This is part of a series of posts about the value of speculative fiction in understanding religion.
So far I’ve painted a rather dim picture concerning the cognitive value of speculative fiction. But being a speculative fiction writer myself, that’s best considered rising action, putting the protagonist—my argument—in a difficult situation just so that all can be saved in the end. Indeed, the situation is rather different when it comes to the cognitive value of speculative fiction insofar as it helps us understand religion.
An Important Function of Religious Studies
An important function of religious studies—perhaps the most important function—is helping us understand the coherency of worldviews and practices that at first seem strange or repellant to us. Consider varying attitudes toward the Buddha: To most Buddhists in Europe and the United States he was a man, but many Buddhists in East Asia and Tibet take him to be a god at least in terms of how he functions in popular piety. To many Theravada Buddhists in Sri Lanka and Southeast Asia, he was a man dozens of feet tall (people were much larger in his day). To some Hindus, he was an avatar of Vishnu. To many Pure Land Buddhists, he was just a forerunner of Amitabha, the buddha who is actually able to help us progress toward enlightenment. To some Zen Buddhists, he should be murdered.
Or consider the diversity of early Christian views of Jesus, including Ebionites who believed Jesus, while the Messiah, was not divine; Marcionites, who believed Jesus was a god but a different god than the god of Jewish tradition; some Gnostic and Monophysite groups that believed Jesus was wholly divine and only appeared to be human. We even find traditions that seem like speculative fiction today: Jesus was a dragon tamer as a child or the suggestion that he was the serpent in the Garden of Eden.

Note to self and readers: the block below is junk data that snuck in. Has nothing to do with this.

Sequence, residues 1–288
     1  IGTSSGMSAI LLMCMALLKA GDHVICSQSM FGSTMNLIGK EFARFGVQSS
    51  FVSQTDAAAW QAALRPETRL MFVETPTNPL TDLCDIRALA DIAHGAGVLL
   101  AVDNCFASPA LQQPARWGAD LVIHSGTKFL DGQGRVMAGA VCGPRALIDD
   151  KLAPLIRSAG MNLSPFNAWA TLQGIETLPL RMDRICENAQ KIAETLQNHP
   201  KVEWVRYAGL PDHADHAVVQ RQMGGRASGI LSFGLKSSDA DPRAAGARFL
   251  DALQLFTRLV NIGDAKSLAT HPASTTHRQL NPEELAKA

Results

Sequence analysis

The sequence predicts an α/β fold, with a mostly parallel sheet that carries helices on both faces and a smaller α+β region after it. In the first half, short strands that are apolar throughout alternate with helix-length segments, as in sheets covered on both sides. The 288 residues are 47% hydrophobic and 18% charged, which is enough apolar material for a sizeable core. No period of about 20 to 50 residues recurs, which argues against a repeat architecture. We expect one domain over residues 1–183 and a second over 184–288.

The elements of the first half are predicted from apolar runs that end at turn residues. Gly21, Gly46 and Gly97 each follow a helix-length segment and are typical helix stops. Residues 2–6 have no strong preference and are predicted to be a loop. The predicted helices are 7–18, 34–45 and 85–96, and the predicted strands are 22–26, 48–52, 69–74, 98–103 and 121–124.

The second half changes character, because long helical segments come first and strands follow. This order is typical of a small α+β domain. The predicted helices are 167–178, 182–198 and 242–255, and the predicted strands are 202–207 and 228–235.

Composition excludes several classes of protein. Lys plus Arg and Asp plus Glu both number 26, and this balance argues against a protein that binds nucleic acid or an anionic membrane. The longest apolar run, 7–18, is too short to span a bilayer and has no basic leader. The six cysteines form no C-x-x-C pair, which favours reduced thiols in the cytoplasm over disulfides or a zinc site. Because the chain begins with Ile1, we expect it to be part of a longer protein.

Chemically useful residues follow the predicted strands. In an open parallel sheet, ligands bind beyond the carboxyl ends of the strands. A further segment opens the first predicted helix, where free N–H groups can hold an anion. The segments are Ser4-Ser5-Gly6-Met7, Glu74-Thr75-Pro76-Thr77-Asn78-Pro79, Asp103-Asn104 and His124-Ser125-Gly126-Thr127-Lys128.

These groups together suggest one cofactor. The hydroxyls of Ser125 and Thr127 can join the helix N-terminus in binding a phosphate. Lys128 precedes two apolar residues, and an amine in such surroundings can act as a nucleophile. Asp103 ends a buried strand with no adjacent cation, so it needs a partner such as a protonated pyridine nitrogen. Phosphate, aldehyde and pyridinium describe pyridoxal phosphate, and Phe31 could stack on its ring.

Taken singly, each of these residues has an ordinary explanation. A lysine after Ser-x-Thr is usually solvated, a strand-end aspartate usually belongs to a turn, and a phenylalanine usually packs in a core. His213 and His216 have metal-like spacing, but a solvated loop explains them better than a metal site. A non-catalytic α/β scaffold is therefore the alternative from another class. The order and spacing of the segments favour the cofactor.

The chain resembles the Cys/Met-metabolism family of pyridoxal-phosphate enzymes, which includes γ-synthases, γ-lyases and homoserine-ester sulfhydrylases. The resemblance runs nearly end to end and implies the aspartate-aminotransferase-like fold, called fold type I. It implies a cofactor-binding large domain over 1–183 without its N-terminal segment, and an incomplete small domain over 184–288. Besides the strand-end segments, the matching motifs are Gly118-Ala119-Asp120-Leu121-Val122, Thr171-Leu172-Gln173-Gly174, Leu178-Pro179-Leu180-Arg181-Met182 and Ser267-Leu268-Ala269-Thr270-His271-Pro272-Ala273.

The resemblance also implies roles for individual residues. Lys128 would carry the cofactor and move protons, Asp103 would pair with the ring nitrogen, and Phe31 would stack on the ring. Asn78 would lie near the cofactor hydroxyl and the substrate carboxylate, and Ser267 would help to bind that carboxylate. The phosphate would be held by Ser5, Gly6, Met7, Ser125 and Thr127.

It’s easy to dismiss these views as silly, superstitious, heretical, and the like because of our personal beliefs. Indeed, while these attitudes are by no means universal, it’s not difficult to find examples in inter-religious dialog between Hindus and Muslims in India, between Protestants and Catholics, between non-religious and religious persons, etc. But of course, virtually every tradition and sect that arose in history was sincerely practiced by real and decent people with goals and struggles that we can identify with. Our task in studying religion is to understand these people, their communities, and their texts no matter any disagreements we have with them.
A Task for Realistic Fiction?
On the surface, this seems to be a task best suited to realistic fiction. As we’ve discussed, a plausible locus of cognitive value in realistic fiction is its ability to portray the experience of people in situations we ourselves haven’t lived. Conversely, depictions of religions in major works of fantasy are often not faithful to the tradition(s) on which the work is based. Even when we have strong reason to believe that the author is deeply familiar with the tradition, we have to have a similar background in order to discern when the author is drawing on their sources faithfully and when they are adapting their world for narrative or for commercial reasons. Nnedi Okorafor’s Who Fears Death draws deeply on indigenous African religion, but it’s hard to determine which of the protagonist magical powers actually populate the worldview of real African people and which she invented. S. A. Chakraborthy’s City of Brass and its sequels are wonderful additions to the tradition of storytelling established in the One Thousand and One Nights, but we should take care before drawing any conclusions about Islam, Zoroastrianism, or other traditions from her books. Realistic literature authors aren’t allowed to build their world contrary to our expectations of what reality is, but speculative writers are.